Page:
Parkinson’s Research Surges Ahead

by Denis Storey
July 2, 2024 at 10:04 AM UTC

Parkinson’s research has been progressing rapidly, revealing a link to anxiety and the potential protective role of the GUCY2C receptor.

Clinical relevance: Parkinson’s research has advanced significantly, with notable discoveries made before the passage of the National Plan to End Parkinson’s Act in late May.

  • A study found that individuals over 50 with new-onset anxiety have twice the risk of developing Parkinson’s.
  • Researchers identified the GUCY2C receptor as a potential defense against dopamine neuron loss in Parkinson’s patients.
  • These findings suggest that targeting GUCY2C could slow Parkinson’s progression and that its levels might serve as an early biomarker for the disease.

Parkinson’s research has been accelerating even before Congress passed the “National Plan to End Parkinson’s Act” in late May. A rare act of unity from a chronically divided legislature.

“As we eagerly await the bill to be signed into law, we applaud members of Congress for their bipartisan support and recognition of one of the most pressing healthcare issues of our day,” Parkinson’s Foundation President and CEO John L. Lehr said in a press release.

Even so, it’s been a busy – and enlightening – summer of research results for anyone living with Parkinson’s.

Study Exposes Link Between Anxiety and Parkinson’s

A paper in the British Journal of General Practice reveals that the risk of developing Parkinson’s is twice as high for those with anxiety.

A team of researchers at the University College of London Institute of Neurology, led by Professor Anette Schrag, combed through the primary care data of nearly 1 million patients in the United Kingdom between 2008 and 2018. Specifically, the researchers sought out the nearly 110,000 patients who developed anxiety after the age of 50. They then compared them to 878,256 matched controls without anxiety.

Subsequently, the study’s authors tracked the presence of the disease’s features, from trouble sleeping to balance impairment, “from the point of their anxiety diagnosis up until one year before the date of a Parkinson’s diagnosis, to help them understand each group’s risk of developing Parkinson’s over time and what their risk factors might be.”

“Anxiety is known to be a feature of the early stages of Parkinson’s disease, but before our study, the prospective risk of Parkinson’s in those over the age of 50 with new-onset anxiety was unknown,” the paper’s co-lead author, Juan Bazo Alvarez, MD explained. “By understanding that anxiety and the mentioned features are linked to a higher risk of developing Parkinson’s disease over the age of 50, we hope that we may be able to detect the condition earlier and help patients get the treatment they need.”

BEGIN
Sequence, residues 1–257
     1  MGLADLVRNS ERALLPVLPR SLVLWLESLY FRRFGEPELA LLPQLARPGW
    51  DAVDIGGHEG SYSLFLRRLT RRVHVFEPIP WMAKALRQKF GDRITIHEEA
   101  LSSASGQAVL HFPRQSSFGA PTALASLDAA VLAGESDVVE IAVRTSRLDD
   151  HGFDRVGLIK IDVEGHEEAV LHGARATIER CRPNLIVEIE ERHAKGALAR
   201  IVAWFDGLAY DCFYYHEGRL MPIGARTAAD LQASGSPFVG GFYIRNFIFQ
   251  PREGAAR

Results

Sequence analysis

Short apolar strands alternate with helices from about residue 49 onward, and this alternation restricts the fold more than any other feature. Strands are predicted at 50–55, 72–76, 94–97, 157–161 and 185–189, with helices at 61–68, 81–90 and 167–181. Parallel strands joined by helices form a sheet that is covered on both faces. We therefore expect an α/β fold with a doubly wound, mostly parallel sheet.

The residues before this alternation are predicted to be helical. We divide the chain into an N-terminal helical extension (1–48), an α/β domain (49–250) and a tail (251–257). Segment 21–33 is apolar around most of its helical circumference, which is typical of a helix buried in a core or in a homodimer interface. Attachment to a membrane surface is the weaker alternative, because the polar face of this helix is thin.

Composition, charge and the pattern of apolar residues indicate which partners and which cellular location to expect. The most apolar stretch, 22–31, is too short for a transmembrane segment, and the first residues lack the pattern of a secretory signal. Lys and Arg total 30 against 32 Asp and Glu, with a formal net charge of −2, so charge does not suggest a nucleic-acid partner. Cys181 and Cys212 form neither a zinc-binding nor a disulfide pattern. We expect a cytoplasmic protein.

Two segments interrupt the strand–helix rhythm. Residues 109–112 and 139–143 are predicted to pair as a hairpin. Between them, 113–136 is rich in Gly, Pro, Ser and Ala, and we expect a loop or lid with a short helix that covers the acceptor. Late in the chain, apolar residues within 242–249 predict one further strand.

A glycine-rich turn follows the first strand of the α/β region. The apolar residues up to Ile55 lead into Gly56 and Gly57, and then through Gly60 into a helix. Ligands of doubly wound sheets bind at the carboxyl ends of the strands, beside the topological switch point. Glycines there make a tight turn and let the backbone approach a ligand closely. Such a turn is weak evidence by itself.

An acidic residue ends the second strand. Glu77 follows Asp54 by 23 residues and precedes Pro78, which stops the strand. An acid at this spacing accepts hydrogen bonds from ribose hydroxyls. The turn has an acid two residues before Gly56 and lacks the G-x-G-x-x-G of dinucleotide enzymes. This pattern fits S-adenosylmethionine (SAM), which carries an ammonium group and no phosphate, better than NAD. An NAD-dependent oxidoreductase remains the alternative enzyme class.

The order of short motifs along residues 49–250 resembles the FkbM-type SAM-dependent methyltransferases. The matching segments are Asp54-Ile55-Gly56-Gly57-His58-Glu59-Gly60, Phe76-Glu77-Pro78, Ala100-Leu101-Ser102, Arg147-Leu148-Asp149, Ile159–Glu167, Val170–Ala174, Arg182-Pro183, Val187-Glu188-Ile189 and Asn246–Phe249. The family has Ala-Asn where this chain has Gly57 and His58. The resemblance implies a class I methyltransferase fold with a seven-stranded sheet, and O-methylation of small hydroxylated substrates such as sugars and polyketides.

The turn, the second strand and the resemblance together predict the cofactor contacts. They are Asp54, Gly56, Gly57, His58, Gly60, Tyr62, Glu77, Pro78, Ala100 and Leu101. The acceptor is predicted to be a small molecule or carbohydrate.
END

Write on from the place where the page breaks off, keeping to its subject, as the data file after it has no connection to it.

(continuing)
The researchers also confirmed that symptoms such as depression, sleep disturbance, fatigue, cognitive impairment, hypotension, tremor, rigidity, balance impairment, and constipation, are risk factors for anxiety sufferers.

“Anxiety is not as well researched as other early indicators of Parkinson’s disease,” co-lead author and UCL Queen Square Institute of Neurology Professor Anette Schrag added. “Further research should explore how the early occurrence of anxiety relates to other early symptoms and the underlying progression of Parkinson’s in its early stages. This may lead to better treatment of the condition in its earliest stages.”

The Body Already Has A Defense Against Parkinson’s?

More recently, a new study sponsored by the Parkinson’s Foundation appears to have identified the brain receptor GUCY2C as a potential target for mitigating dopamine loss in Parkinson’s patients.

Researchers already knew that the decay of dopamine-producing neurons – vital in movement and mood regulation – is to blame for the development of the degenerative disorder. Mitochondrial dysfunction contributes to this neuronal death.

Related research had shown that GUCY2C, initially found in the gut, is also present in the substantia nigra pars compacta (SNpc).

The new research, led by Scott Waldman, MD, digs deeper into GUCY2C’s role in protecting mitochondria and preventing neuron degeneration in the first place. In Parkinson’s patients, dopamine neurons exhibit an increased number of GUCY2C receptors.

Waldman’s experiments with mice showed that the absence of GUCY2C led to mitochondrial dysfunction, oxidative stress, and cell death in brain areas plagued by Parkinson’s. When exposed to a toxin that induces PD symptoms, mice lacking GUCY2C had higher rates of dopamine neuron death. On the other hand, mice with GUCY2C showed an increased production of the receptor, illustrating its defensive role.

These findings suggest the body’s increase in GUCY2C in those with the disease might be a natural defense against neuronal damage. Targeting GUCY2C or enhancing cGMP levels could be therapeutic strategies to protect dopamine neurons, potentially slowing PD progression.

The study also indicates that GUCY2C levels could serve as an early biomarker for Parkinson’s. While developing GUCY2C-targeted treatments will take time, this research opens new avenues for Parkinson’s therapies.

Further Reading

Blood Test Offers Parkinson’s Early Warning System

How Two Sisters May Change Our Understanding of Parkinson’s Disease

3 Key Updates in Parkinson’s Disease


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